Today's date:
 
Summer 2000



A Fate Worse Than Imperialism in Africa

Wole Soyinka is the Nigerian playwright who won the Nobel Prize for
Literature in 1986. He spoke with NPQ in Brussels in May about the
situation in Africa.

NPQ | Land seizures in Zimbabwe. UN hostages and amputations in Sierra
Leone. Senseless war between Eritrea and Ethiopia. Congo on the brink.
And this on top of Somalia and Rwanda before, and the AIDS pandemic.
How has Africa gone from talking not long ago about a "renaissance" to
suffering a fate worse than imperialism?

WOLE SOYINKA | A wave of anomie, even a breakdown of humanity, is
sweeping across the continent that must be particularly galling to those
who so confidently trumpeted an "African renaissance." What we see today
is the opposite: a reversal of the progress that seemed to have been
signaled by the end of apartheid.

At the heart of this reversal is the power syndrome. And it is
destroying Africa, country by country.

Certainly, in Africa today the terrible suffering is not caused by
external enemies, but from within. African leaders have created one
another as their own worst enemies. And they are dragging their
populations down into the abyss as they seek to establish their own
individual domination.

Look at the crude and vicious way that Robert Mugabe in Zimbabwe is
fomenting racial division to stay in power, manipulating genuine racial
grievances for political ends. For 20 years he has been in power, all
the while doing nothing about land injustice. For that alone, he ought
to resign as an incompetent leader. But suddenly, when his power is
threatened, his lagging sense of justice awakes!

It is political opportunism of the most despicable kind, a total slap
in the face to the South African spirit of reconciliation that was going
to raise the continent.

Rather than choosing men like Nelson Mandela as an example, leaders
like Mugabe would rather see their countries on fire than give up power.

I have spoken extensively to both the leaders of Eritrea and Ethiopia.
Privately, they tell me this war is not necessary. What, then, pushes
them? Why don’t they call off this war, even with the United Nations
threatening sanctions against them? How can one explain this madness? I
can’t.

I further cannot explain the steep descent into barbarism of Africans
against themselves. It was the Belgian King Leopold who started the
tactic of amputating the hands of the children of his enemies when he
ruled the Congo Free State at the turn of the century. This brutal
method now seems to have spread like some psycho virus to warlords,
including Foday Sankoh, the rebel leader in Sierra Leone. These men have
indoctrinated their followers into the total abandonment of any
traditional notion of man’s humanity to man. What new kind of monsters
has been born in Africa?

Despite what Africans are doing to themselves, the international
community, particularly Europe, does bear some responsibility for the
destruction of our societies wrought by colonialism and by power plays
during the Cold War. From that historical perspective, the abandonment
of Africa today is not at all justified.

Further, what is at stake now in Sierra Leone is the rescue of the
United Nations itself. Can we allow the United Nations do be abandoned,
discredited and divested of moral influence? If so, the world will see
only a cruel panoply of violently contesting forces, and not only in
Africa. I do not envy the task of Kofi Annan in this rescue operation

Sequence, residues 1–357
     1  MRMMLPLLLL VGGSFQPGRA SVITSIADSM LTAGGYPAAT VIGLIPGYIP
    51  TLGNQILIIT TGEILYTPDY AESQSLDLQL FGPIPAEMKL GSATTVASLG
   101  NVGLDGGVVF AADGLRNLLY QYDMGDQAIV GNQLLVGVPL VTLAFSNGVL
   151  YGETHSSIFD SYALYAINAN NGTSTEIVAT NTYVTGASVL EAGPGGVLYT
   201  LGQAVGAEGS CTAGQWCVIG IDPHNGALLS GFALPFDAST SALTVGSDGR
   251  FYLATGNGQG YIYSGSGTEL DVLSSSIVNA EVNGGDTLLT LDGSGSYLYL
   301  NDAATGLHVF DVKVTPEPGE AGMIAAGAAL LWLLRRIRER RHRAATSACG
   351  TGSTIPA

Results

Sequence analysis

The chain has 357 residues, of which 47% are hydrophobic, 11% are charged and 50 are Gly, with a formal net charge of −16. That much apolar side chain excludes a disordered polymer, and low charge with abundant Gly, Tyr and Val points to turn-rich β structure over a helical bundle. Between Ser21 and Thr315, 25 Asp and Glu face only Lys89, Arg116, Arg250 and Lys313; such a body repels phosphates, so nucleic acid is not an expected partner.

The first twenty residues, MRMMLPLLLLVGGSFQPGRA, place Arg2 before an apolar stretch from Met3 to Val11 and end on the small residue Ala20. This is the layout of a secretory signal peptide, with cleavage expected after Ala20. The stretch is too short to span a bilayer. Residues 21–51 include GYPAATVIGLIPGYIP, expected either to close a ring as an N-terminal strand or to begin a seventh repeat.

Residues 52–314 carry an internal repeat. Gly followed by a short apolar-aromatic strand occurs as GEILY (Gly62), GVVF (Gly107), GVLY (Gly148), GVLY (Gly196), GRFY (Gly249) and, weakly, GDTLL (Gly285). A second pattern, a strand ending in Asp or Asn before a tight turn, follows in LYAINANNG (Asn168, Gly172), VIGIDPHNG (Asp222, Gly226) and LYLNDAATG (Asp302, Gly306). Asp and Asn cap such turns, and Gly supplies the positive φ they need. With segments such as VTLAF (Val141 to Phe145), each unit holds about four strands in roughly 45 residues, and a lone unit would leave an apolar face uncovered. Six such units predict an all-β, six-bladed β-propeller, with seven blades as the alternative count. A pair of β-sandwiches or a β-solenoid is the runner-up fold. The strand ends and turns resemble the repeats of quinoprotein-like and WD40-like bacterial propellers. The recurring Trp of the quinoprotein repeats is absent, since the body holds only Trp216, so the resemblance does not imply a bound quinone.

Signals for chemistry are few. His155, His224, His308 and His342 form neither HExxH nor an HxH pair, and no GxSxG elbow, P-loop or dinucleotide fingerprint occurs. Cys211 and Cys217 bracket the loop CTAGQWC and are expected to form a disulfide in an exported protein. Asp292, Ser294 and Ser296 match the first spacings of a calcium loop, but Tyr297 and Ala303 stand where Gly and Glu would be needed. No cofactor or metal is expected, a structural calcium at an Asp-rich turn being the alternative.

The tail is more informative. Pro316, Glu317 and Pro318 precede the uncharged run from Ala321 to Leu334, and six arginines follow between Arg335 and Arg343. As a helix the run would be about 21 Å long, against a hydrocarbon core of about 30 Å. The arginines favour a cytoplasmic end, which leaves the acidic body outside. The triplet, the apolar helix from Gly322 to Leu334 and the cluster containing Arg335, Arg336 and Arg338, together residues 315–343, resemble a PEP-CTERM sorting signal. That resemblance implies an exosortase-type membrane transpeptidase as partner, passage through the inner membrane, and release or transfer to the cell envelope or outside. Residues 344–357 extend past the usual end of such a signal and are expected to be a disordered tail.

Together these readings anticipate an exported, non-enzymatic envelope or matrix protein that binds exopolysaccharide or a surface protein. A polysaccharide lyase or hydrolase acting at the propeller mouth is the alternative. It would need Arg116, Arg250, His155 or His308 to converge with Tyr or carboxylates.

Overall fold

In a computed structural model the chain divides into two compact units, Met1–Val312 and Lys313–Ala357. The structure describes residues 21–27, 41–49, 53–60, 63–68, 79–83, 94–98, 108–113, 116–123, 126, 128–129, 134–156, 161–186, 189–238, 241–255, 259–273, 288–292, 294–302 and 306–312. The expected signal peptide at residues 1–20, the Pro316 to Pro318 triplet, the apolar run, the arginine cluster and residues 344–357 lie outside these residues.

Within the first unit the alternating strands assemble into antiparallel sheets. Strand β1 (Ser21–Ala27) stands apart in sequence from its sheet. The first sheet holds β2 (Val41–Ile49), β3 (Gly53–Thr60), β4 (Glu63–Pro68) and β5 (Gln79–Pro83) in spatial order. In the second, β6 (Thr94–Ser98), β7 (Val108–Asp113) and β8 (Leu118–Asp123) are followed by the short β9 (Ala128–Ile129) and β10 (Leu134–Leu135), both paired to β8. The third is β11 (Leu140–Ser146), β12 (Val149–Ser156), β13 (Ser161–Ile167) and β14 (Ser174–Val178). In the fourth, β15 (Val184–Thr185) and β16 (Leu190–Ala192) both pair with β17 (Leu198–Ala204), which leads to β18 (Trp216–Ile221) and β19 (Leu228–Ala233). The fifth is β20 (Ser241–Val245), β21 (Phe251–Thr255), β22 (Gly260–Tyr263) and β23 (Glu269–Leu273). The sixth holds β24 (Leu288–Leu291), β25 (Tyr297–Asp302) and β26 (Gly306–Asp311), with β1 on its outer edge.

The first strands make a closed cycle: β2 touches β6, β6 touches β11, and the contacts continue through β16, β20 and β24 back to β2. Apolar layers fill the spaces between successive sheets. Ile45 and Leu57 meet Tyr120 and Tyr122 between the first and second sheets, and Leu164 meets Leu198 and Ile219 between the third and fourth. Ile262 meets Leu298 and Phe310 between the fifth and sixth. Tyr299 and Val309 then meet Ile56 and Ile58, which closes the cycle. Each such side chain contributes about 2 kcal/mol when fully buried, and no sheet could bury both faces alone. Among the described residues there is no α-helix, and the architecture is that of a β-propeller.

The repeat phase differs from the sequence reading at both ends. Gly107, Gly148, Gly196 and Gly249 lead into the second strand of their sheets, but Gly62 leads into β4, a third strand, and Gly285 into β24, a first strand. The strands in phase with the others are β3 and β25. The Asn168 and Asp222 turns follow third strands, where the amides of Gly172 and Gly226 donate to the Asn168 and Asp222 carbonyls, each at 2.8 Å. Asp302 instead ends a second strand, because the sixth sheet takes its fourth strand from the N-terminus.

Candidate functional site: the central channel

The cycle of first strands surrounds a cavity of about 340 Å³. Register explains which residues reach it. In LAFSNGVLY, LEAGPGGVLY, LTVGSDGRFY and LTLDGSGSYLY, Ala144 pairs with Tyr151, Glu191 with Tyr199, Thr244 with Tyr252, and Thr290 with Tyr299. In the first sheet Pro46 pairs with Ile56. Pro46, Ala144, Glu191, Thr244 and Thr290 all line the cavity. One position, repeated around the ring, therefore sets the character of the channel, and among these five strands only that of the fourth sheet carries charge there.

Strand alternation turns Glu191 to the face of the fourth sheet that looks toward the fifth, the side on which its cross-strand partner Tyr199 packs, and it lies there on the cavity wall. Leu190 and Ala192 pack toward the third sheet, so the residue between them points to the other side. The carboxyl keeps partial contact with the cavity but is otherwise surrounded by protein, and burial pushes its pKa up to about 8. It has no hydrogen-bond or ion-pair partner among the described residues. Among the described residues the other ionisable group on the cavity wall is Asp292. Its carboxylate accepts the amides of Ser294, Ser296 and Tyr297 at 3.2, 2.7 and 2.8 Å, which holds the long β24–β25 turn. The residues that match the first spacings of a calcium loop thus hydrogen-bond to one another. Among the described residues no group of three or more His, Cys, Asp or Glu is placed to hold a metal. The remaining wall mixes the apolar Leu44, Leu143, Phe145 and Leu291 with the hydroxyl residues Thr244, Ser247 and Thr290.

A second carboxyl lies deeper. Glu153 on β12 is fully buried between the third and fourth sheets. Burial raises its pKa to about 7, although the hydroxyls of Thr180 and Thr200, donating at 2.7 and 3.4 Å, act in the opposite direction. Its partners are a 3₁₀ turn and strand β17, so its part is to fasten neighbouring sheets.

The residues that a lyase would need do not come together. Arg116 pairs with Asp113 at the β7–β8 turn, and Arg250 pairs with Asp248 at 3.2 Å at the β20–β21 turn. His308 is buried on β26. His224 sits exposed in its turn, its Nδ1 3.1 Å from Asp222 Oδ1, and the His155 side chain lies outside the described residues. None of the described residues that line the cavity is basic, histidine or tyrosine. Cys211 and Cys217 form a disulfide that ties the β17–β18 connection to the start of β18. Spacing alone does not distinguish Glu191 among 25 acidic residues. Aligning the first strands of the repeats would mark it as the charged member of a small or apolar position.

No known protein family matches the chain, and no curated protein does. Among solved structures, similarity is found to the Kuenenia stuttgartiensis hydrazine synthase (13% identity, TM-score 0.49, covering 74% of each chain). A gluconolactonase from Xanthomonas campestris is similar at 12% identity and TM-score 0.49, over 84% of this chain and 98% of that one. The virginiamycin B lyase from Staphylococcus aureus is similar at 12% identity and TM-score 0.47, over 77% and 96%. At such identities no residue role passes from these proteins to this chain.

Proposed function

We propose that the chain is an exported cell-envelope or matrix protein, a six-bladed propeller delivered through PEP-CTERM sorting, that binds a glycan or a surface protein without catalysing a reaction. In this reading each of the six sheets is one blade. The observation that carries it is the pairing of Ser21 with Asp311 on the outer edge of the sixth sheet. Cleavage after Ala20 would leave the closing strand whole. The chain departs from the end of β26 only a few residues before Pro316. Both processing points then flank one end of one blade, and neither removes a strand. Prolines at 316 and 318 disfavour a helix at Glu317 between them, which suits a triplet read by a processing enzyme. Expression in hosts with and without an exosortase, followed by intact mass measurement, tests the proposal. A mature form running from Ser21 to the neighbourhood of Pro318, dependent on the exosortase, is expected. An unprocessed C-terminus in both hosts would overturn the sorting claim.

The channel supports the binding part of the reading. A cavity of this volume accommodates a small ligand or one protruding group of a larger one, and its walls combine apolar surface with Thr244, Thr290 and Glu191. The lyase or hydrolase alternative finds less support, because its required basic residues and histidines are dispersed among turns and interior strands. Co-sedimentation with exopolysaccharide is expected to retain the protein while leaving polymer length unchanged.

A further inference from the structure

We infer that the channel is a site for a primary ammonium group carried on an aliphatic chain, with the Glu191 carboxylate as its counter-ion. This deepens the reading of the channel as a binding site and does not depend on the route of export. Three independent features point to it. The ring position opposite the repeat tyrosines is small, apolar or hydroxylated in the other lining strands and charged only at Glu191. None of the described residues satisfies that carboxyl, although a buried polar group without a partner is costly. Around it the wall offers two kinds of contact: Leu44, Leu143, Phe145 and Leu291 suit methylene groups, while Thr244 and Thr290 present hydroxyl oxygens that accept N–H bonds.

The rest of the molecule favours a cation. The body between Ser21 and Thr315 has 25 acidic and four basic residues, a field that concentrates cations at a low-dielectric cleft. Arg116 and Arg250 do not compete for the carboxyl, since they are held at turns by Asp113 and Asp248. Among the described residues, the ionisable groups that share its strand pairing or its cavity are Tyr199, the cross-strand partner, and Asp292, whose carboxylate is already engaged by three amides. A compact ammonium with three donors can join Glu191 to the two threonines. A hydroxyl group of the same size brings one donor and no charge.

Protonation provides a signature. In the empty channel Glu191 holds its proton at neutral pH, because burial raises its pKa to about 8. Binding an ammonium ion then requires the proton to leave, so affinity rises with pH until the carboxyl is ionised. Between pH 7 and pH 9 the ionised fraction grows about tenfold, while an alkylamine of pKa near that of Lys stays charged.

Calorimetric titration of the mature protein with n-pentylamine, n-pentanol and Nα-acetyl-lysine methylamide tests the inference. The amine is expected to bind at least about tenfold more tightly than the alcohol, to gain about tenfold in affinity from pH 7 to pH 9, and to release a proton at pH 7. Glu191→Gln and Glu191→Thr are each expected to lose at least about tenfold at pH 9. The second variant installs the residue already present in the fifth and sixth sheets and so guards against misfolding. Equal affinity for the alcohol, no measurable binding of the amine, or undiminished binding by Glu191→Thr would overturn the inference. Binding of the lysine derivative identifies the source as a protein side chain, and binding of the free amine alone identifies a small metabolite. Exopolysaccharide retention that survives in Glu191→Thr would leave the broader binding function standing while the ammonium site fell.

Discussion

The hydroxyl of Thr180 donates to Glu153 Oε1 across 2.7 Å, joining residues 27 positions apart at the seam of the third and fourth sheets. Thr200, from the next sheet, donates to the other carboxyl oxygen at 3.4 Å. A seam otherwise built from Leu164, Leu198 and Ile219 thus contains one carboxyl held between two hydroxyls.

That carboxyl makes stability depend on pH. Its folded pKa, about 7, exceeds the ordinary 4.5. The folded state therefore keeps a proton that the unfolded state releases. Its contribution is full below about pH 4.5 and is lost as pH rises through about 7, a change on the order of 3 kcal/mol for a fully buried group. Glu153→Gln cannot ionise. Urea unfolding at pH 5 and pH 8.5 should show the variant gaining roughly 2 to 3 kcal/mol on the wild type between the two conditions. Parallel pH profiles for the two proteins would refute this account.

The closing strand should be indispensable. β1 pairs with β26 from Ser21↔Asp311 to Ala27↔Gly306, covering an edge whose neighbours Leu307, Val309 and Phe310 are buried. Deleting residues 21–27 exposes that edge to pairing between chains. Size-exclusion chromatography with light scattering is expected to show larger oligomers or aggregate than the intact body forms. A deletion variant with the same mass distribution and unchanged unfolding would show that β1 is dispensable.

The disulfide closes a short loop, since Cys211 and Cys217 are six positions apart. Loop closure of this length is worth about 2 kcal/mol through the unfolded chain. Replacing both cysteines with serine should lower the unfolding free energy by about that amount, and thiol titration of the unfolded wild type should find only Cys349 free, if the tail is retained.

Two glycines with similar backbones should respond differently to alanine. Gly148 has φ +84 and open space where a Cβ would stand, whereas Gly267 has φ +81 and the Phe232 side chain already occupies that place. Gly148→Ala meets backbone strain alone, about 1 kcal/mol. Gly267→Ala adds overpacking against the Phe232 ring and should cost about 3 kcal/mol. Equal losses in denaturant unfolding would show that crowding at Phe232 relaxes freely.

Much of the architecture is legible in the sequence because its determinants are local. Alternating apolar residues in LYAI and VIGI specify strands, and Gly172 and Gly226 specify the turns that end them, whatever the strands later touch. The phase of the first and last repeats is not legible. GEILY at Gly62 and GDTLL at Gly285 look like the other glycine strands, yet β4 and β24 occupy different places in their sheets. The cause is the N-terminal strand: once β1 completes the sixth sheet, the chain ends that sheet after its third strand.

because it is against all odds.

Of course, this means that when the United Nations goes anywhere, it
does not fool around with incompetent, lightly armed or underfunded
troops. There is little point to future UN operations unless they will
have what it takes to match the fighting forces on the ground and
dominate the situation.

If Sierra Leone or the other UN peacekeeping failures point to any
lesson, it is that it is foolish to rely on the goodwill of the warring
parties, even if they have signed peace agreements. Not only is the
United Nations the only entity concerned enough to try to do anything in
Africa, it also should be that entity.

The idea of regional African peacekeeping forces won’t work.

When the Nigerian army routed the rebels in Sierra Leone a few years
back, the Organization of African Unity was euphoric at this specific
success of regional peacekeeping. But the excitement was premature
because it laid the seeds of the current strife.

Whenever a country goes it alone against another country, it becomes an
emotive point. Indeed, the rhetoric of the rebels in Sierra Leone was
exactly this: "Look, we are being colonized by Nigeria." So there was
great pressure for Nigeria to leave. When I discussed this at the time
with Boutros Boutros-Ghali (the former UN Secretary General), who in
turn discussed it with Nelson Mandela, we agreed that the departure of
Nigerian troops could not leave a vacuum but must be filled immediately
by a multinational force. Otherwise—and this is what happened—the rebels
would use the anti-Nigerian sentiment to exploit any vacuum and try to
seize power.

The point is that warring parties in Africa will see any regional
African force with a big power like Nigeria involved as bent on pressing
its own interests against theirs. Everyone in Africa knows which states
are supporting which rebels in the neighboring areas. Any such force,
assembled by the OAU or otherwise, will be riddled with suspicions about
the motives of the participants, thus only further muddying the already
filthy waters.

If peacekeeping or peacemaking is going to work in Africa it must be
done by an impartial organization with no stake in the local fight, that
is committed to a global view of resolving crises, no matter where. It
is not a matter of using any force, but of legitimate force. Only the
United Nations can fill this role.

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